Sexuality and lust lie frequently at the forefront of debates considering women’s rights and freedoms, to choice in particular. What is the relationship of sexuality and lust to the body, to beauty, and to physical appearance? Artists Claudia Schumann, Frenzi Rigling, Titanilla Eisenhart, and Adriana Czernin all respond to this issue with resistance. Martha Wilson and Joan Semmel consider it in relationship to ageing. Sevda Chkoutova’s site-specific wall drawing and Heidi Harsieber’ two-piece photograph consider sexuality and lust as they relate to ideas and ideals of appearance while exploring the links between lust, violence, rapture, and passion.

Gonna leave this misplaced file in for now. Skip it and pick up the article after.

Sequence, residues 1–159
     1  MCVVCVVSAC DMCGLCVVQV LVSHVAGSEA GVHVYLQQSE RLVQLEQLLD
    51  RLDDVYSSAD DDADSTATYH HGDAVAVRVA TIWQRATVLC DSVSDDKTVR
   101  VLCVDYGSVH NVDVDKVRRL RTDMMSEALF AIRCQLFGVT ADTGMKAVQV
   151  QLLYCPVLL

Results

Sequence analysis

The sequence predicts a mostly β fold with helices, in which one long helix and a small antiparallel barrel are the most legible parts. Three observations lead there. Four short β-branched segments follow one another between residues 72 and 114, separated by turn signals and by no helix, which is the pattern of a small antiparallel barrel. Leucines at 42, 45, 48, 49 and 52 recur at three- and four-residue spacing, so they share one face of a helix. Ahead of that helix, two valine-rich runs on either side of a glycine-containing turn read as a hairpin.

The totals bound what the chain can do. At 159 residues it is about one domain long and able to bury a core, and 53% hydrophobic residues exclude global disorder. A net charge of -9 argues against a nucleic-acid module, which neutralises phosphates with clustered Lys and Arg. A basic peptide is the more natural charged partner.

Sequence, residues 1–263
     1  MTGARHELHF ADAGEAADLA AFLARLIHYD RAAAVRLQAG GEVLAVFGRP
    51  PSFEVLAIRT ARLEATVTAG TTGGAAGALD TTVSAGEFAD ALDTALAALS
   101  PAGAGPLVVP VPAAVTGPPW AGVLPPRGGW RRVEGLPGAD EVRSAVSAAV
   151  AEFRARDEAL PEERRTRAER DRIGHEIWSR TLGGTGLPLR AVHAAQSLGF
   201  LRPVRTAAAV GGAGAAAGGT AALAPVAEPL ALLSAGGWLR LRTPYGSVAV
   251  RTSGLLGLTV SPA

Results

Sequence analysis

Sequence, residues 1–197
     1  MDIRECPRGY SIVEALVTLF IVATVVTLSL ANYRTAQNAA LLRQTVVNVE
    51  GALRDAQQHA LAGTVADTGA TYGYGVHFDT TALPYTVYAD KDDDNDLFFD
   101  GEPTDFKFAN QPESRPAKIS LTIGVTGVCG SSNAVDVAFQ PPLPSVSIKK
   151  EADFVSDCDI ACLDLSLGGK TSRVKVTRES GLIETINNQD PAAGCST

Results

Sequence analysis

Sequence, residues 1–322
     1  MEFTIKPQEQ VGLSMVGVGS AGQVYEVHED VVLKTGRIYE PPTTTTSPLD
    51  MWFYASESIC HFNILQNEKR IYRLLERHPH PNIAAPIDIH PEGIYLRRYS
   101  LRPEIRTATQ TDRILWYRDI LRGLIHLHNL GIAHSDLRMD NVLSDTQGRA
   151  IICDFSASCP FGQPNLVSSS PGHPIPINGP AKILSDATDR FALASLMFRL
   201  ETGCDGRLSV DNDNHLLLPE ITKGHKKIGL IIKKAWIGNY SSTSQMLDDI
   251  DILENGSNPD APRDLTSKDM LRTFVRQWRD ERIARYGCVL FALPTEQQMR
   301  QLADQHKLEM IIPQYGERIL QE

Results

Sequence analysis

These diverse female artists together question female identity: what is it to be feminine and what is it to be a woman? They redefine universalizing social constructions that lack malleability, individuality, and inclusivity while engaging creatively in current political discourses concerning gender discrimination and women’s rights and freedoms.
Here, curator Sabine Fellner and artist Sevda Chkoutova spoke with us individually about the exhibition and its significance now.
Why was it important to you to work with artists from different generations?